One of the many fascinating themes of the conference (I explored several others here) was the appeal of infotainment, material that serves two seemingly unrelated purposes: to occupy attention agreeably (as the Oxford English Dictionary defines “entertainment”) and to transmit practical information that may just contribute to your survival.
My talk about Entertainment as Virtual Reality focused on the ways in which entertainment – catchy pop songs, video games, movies, opera, toys, etc. – could be understood as simulations, little virtual reality machines that allow us to test our ideas about the world in safe, artificial spaces. Regardless of how distracting a cultural object may be, it is also a powerful transmitter of information about our world, and it can have a surprisingly profound impact on our lives well outside the movie theater, concert hall or American Girls store. Read the rest of this entry »
I was very excited to attend the Free Culture Forum in Barcelona last October: the event was quite unique in its effort to bring together a broad range of scholars and activists from all around the world to work together to develop guidelines for sustainable models for creativity in the digital age. There were some pretty noisy fights, let me tell you, but at long last, we’ve produced a great brief which, so far, has been endorsed by 69 organizations and key players in the field. Please take a look at the document and be sure to watch this fun video about the Forum and its annual entertainment showcase called the oXcars.
A few years ago, a girlfriend of mine dressed up like a pimp and her husband posed as her ho. Everyone loved it — except my friend. Hundreds of pictures and lots of laughs later, she said she’d never ever wear something that wasn’t slutty for Halloween again. “But everyone loved it!” I said. “Yeah, but Larry got all the attention!”
Women have a more than ample supply of trampy costumes to choose from these days, and I can’t help but think that demand is driving it. When I go to Halloween parties these days, I’m often amazed at the self-professed feminists, succesful businesswomen and hard-core intellectuals who turn up as French maids, horny school girls or (a perenial favorite) naughty little devils.
Don’t get me wrong. I, too, am guilty of giving in to the tramp in me. I think one reason I adore Halloween is because it gives women like me, who believe we should be taken seriously in this crazy world, a chance to do all the things that mama told us not to. Why dress up like a monster when you can be an expensive call girl instead? (When I dressed up like Anna Wintour last year, that’s what some guy thought I was.)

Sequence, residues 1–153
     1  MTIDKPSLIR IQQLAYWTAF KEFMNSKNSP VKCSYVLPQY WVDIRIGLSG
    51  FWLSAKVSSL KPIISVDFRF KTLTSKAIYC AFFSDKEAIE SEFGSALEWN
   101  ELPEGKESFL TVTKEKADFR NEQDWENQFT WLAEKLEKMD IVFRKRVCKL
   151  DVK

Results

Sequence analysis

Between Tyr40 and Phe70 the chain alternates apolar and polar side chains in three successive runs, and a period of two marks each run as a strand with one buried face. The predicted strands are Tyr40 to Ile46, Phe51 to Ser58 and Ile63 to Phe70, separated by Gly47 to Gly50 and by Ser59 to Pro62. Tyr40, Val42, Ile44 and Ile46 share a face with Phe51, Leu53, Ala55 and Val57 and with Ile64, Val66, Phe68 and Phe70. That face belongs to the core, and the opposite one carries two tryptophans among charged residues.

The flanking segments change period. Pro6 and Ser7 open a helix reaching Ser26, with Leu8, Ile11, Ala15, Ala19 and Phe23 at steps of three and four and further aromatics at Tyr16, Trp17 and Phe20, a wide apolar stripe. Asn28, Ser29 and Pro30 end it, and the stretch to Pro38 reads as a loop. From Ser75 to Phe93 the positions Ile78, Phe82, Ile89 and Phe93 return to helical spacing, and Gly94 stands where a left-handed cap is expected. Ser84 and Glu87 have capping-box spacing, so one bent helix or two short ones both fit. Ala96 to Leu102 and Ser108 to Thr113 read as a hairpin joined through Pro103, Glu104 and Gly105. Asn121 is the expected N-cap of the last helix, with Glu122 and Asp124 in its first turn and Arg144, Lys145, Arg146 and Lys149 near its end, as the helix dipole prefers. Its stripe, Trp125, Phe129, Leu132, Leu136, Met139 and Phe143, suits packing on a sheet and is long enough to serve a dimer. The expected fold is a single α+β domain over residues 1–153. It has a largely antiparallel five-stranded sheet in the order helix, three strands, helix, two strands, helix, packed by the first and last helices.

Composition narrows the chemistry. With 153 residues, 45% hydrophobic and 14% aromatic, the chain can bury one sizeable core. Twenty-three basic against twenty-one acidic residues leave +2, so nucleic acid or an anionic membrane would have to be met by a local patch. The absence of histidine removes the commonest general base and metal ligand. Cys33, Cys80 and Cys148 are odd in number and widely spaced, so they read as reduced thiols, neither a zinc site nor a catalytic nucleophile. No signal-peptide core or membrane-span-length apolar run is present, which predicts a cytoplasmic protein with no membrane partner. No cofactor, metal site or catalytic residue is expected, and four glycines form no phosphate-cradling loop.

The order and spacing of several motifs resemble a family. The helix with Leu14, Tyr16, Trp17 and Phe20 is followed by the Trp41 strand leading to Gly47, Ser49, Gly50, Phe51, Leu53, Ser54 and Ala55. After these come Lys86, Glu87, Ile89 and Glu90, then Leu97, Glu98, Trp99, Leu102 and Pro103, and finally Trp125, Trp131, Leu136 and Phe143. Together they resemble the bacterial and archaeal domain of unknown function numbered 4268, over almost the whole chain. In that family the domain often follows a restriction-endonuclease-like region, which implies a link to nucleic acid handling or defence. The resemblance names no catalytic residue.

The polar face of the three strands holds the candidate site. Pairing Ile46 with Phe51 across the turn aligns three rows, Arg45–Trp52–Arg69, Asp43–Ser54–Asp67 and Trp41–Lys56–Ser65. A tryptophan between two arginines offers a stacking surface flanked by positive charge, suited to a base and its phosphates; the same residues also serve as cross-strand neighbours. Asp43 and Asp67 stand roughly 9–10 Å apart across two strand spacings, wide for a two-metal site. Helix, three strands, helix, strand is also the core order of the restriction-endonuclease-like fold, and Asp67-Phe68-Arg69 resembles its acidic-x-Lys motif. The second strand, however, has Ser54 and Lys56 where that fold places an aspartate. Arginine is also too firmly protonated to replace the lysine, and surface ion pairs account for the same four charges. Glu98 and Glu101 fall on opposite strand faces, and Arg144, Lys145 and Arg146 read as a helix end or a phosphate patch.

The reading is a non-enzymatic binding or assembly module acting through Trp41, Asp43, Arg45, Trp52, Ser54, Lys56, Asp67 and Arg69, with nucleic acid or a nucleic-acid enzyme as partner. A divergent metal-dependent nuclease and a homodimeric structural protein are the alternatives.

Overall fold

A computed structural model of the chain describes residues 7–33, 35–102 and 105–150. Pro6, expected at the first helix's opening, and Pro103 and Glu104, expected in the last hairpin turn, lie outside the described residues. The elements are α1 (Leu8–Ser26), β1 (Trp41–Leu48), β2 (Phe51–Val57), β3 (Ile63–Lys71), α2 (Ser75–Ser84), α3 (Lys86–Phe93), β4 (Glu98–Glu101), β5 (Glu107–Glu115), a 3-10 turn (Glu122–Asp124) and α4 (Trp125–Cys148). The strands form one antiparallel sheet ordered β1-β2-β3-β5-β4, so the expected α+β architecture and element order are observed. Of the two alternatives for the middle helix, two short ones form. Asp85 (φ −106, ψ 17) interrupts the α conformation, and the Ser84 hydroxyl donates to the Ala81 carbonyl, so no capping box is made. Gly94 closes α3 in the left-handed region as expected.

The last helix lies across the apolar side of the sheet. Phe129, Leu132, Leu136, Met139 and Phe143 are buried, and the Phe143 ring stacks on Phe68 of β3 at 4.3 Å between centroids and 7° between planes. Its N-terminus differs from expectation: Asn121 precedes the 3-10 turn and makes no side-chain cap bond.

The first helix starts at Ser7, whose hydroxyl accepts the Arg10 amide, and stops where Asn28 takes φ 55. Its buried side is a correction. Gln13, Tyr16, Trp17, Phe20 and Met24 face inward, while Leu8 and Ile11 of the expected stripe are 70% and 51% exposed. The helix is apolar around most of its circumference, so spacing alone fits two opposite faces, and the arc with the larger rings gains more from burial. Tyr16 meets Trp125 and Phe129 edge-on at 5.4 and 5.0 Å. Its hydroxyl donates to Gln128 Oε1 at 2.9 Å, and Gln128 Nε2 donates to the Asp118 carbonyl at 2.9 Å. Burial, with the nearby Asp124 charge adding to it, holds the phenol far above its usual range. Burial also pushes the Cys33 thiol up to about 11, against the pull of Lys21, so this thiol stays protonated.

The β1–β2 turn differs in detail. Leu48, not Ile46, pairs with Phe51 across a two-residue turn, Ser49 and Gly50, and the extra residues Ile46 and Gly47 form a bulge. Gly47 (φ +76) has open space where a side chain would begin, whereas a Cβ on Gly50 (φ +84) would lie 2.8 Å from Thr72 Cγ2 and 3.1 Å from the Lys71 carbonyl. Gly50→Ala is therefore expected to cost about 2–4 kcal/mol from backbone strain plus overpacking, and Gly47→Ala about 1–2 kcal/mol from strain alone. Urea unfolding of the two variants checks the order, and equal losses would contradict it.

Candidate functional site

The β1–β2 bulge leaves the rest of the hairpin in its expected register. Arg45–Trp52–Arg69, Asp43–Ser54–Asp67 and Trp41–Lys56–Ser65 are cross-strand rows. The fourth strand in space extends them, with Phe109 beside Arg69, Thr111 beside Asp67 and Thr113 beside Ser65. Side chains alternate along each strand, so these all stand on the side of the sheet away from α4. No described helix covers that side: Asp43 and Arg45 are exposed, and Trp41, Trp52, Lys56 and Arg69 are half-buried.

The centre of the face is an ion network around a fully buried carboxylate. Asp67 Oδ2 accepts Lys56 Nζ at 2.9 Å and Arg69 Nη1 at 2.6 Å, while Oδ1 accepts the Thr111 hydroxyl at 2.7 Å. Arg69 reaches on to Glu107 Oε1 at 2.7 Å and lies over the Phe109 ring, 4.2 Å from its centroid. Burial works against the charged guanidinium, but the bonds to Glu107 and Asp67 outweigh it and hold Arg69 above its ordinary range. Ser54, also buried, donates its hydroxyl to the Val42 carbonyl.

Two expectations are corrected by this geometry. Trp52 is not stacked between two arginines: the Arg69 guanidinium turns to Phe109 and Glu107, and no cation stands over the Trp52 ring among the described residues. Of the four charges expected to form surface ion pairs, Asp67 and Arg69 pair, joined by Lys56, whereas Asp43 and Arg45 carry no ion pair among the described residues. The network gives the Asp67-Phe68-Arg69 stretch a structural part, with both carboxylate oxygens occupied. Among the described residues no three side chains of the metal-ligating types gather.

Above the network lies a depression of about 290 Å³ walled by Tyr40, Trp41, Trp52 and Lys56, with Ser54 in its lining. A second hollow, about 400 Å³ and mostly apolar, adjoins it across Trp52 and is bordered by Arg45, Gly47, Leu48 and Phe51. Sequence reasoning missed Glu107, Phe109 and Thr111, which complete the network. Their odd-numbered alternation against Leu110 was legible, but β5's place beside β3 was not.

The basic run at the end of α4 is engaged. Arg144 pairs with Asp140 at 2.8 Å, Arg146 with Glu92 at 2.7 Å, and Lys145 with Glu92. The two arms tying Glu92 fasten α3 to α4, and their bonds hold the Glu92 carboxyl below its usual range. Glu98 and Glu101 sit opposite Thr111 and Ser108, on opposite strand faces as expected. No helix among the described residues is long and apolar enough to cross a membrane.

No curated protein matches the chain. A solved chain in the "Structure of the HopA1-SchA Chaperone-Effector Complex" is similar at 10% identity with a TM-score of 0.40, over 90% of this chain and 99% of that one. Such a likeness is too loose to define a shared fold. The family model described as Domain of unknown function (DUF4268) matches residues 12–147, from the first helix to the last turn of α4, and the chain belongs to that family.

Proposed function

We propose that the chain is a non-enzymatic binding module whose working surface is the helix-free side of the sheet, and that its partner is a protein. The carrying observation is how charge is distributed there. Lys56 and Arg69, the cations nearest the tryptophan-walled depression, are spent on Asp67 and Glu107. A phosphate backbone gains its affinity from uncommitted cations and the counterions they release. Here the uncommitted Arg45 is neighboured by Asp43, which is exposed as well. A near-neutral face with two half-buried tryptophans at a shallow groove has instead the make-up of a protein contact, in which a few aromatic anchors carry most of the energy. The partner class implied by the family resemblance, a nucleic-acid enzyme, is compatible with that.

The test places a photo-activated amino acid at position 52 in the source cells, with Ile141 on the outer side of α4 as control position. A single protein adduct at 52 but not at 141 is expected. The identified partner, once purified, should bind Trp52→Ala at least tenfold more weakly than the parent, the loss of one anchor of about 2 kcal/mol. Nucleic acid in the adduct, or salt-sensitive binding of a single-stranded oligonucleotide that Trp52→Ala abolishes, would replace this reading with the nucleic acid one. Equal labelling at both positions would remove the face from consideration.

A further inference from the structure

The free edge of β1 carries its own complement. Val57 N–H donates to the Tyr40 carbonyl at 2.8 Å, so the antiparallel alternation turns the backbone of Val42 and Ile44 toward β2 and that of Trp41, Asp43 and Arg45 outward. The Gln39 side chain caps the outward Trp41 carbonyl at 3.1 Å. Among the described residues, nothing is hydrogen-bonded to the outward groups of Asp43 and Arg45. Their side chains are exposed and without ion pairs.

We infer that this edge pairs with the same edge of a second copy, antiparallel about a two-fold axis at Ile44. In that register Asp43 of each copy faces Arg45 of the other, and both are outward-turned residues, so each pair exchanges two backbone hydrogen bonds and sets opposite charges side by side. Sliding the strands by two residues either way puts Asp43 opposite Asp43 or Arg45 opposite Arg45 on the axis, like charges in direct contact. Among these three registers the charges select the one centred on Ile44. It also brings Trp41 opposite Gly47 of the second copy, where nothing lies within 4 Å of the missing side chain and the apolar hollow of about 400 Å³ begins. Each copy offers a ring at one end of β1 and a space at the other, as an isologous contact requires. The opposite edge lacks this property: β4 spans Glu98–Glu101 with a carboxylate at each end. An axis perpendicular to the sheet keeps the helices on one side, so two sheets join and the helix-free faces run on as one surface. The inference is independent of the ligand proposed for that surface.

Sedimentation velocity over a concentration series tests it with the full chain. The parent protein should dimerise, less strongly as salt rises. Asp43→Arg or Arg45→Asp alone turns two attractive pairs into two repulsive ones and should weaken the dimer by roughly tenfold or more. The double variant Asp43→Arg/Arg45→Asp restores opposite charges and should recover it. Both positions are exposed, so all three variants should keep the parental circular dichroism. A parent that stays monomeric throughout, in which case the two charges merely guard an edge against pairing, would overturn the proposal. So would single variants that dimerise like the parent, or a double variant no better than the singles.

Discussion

In a way, the most dangerous, and most monstrous thing, that a strong self-possessed woman could do in this world is to dress like a prostitute. And, of course, that’s why we like doing it.
Mikhail Bakhtin, the Russian literary critic and philosopher, talked about the political importance of the carnivalesque in literary and cultural representations (hey — wasn’t I just talking about the carnivalesque the other day?). Carnavalesque describes a subversive cultural mode that overturns our assumptions about good taste and proper behavior. Modern day carnivals do this to some extent, as well as Mardi Gras and, I would argue, Halloween. In fact, I can hardly think of any other holiday in the U.S. that so whole-heartedly commits itself to turning the world upside down, giving us a chance to become the things we fear or despise. Whether we dress up like ghouls or sluts, the act of impersonating another character is, in Bakhtin’s eyes, pretty damn subversive. It gives us an opportunity to experience our lives, briefly, from the perspective of another. Most women with strong self-esteem probably have no rational desire to be a sexual object for hire, but I think very few could argue with a straight face that they’ve never fantasized about it. Halloween gives us an excellent opportunity to confront our fears, to show surprising sides of ourselves, and to subvert our own status quo.
So what should I be this year? I’m thinking the girl with the dragon tattoo . . .